Dennis, Y. W. & Hirschfelder, A. (2003). Children of Native America today. Watertown, MA: Charlesbridge.

 

The text overviews 25 Native nations within a number of geographic regions in the United States today, including the Haudenosaunee (Oneida) and Ojibway. For many of the nations, there are efforts to maintain or reclaim traditional languages and culture, including the arts such as beadwork, patchwork, or basketry. Many of the photographs illustrate traditional clothing embellished with beadwork. The text briefly summarizes the history, culture, and current economic activities and concerns for each nation.

 

Duvall, J. (1991). The Oneida. Chicago: Childrens Press.

 

This brief text quickly explains the lifestyle of the Oneida before European contact when they lived in New York. The Oneida was one of five nations belonging to the Iroquois Confederacy, a peace league. A unique aspect of Oneida life was the importance of women--women had a role in government by serving as clan leaders, children became part of their mother's clan, and members of the same clan lived together in a longhouse. When Europeans came, they took over Oneida lands, brought diseases, and started wars which harmed the Oneida people. During and after the American Revolution, Oneida lost much of their lands to settlers, and a group of Oneida moved to Duck Creek, Wisconsin, where the present Oneida reservation exists. Although the Oneida suffered the hardships other tribes endured through laws to end tribal governments, Oneida leadership as well as changes in the laws helped the Oneida in Wisconsin to become a strong nation and the small Oneida reservation in New York to begin to grow. A few pictures portray traditional clothing with beadwork and ribbonwork.

 

Hieb, J. A. (1994). Visions and voices: Winnebago elders speak to children. Independence, WI: Western Dairyland Economic Opportunity Council.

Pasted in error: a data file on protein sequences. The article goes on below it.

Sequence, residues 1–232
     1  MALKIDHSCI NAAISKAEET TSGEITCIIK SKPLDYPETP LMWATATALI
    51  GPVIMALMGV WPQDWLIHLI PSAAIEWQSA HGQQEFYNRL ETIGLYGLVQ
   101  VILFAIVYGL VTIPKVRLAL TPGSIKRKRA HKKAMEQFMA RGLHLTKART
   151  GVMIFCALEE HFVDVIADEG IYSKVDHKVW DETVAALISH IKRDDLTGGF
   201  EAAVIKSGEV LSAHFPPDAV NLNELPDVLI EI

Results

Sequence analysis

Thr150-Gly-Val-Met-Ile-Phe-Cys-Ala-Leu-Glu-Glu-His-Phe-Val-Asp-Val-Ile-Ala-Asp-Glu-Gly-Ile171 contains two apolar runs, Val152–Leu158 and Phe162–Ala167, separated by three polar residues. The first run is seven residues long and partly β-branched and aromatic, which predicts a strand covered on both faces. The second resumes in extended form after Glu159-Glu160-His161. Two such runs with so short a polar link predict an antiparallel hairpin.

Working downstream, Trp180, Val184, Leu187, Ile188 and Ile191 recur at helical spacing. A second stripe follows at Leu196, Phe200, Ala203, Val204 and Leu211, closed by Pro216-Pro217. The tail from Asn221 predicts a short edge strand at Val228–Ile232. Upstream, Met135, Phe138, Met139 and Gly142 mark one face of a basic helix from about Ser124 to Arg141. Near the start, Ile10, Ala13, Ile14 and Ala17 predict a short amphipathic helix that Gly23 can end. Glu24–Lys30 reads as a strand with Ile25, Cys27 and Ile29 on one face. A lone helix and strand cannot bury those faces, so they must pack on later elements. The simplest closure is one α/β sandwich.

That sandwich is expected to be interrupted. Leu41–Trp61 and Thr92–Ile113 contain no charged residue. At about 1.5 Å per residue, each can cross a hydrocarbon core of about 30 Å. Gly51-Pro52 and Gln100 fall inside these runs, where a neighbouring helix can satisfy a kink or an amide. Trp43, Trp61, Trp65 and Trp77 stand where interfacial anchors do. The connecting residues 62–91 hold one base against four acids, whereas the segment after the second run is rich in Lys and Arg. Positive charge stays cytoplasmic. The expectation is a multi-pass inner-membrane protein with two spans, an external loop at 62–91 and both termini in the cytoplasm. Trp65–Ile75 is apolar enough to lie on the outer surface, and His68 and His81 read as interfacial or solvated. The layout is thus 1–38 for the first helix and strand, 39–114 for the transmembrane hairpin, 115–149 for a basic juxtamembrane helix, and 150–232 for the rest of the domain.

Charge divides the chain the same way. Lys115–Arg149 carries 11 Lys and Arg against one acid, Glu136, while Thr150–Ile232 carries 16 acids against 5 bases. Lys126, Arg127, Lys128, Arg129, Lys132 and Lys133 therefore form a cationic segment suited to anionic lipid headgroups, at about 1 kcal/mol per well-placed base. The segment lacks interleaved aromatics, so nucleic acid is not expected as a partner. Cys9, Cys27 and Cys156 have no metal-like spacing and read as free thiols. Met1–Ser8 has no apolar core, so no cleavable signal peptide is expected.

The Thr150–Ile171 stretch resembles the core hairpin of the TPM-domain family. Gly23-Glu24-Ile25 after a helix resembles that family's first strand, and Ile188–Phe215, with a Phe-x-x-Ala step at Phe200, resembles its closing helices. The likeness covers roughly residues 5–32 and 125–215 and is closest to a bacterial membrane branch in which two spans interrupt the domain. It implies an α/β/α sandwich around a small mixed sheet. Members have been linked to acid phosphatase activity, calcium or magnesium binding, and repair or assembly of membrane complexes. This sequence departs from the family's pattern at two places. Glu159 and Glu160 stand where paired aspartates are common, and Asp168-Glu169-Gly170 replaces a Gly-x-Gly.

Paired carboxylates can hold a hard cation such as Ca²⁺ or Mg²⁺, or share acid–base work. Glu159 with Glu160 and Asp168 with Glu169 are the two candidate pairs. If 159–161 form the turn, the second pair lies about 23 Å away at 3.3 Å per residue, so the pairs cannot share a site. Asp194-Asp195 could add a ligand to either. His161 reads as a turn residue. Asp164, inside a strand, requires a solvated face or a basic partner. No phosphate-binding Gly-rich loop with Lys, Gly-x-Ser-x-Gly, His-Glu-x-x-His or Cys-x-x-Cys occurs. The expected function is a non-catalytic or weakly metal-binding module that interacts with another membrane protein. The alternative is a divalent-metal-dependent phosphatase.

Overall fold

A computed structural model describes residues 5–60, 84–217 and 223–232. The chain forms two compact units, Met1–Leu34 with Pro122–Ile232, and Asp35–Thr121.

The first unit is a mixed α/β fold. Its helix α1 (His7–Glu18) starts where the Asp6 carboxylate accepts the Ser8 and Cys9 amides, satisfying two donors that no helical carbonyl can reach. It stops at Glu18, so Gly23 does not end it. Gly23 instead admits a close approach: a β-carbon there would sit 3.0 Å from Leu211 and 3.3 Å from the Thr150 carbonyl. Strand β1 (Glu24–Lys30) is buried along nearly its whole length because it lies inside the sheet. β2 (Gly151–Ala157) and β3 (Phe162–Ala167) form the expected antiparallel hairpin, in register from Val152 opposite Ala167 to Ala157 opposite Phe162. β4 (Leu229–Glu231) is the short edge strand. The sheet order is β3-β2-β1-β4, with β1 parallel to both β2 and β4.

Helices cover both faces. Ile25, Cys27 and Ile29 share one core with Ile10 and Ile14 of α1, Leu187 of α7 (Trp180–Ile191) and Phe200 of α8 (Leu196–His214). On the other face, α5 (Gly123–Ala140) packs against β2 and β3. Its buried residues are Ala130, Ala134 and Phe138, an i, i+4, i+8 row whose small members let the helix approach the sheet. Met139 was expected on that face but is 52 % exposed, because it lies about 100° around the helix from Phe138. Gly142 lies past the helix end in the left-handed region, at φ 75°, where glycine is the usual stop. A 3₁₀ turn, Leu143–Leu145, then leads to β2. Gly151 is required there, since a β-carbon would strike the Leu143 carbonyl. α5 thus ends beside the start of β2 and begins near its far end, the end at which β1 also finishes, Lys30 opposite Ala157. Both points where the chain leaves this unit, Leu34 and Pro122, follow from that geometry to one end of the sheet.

This valuable and informative text was created through the process of interviews conducted by Winnebago teens with their elders about aspects of history and culture of the Winnebago (or Ho-Chunk). The first section of the book deals with traditional life prior to contact with Europeans, including where they lived in Wisconsin; significant beliefs which guided their lifestyle; the homes and beautiful clothing they created and decorated; seasonal food-gathering and growing activities; birth and burial customs; the importance of music and dance; and activities and responsibilities of warriors, chiefs, medicine women and men, and clan members. The second section deals with the period from contact with fur traders to the present period. The elders provide their perspectives on the fur trade; treaties with the U.S. government; being forced to give up land; attempts to force their removal to less desirable lands west of Wisconsin and efforts to remain in Wisconsin; and activities to earn money and survive during this period of hardship. For the last portion of the book, recipes of traditional foods which continue to be made are included; the art of making Black Ash baskets is described; and photographs of contemporary Winnebago people are displayed.

 

Hunter, S. M. (1997). Four seasons of corn: A Winnebago tradition. Minneapolis: Lerner.

 

The author describes the Winnebago or Ho-Chunk tradition of growing and drying corn as engaged in by a contemporary Ho-Chunk family. Incorporated within the seasonal activities of planting, weeding, harvesting, blanching, and drying the corn, the author describes the historical significance of corn for survival; beliefs associated with growing corn; and celebrations of the corn harvest through dancing the Green Corn Dance at a powwow. Photographs of the different activities involved in growing, harvesting, and drying the corn help to develop the main ideas.

 

Kalbacken, J. (1994). The Menominee. Chicago: Childrens Press.

 

This brief text describes the Menominee's creation story, their organization into clans and the responsibilities of each clan, how the Menominee lived off the land by building houses from their wooded environment and through hunting, fishing, and making maple sugar. Some religious beliefs and legends are also described. The author portrays the many hardships the Menominee experienced due to European Americans taking their land, the role of Chief Oshkosh in helping to keep land for the tribe in Wisconsin, and the disastrous effects of the termination law. Due to pressure from the Menominee, their reservation was returned which they now control. On the reservation, the Menominee have created additional businesses, social services, and their tribal government to serve the people. The author closes with a brief explanation of the Menominee powwow, held every August, during which people wear traditional clothing decorated with feathers, beadwork, and ribbonwork.

 

King, S. (1993). Shannon: An Ojibway dancer. Minneapolis: Lerner.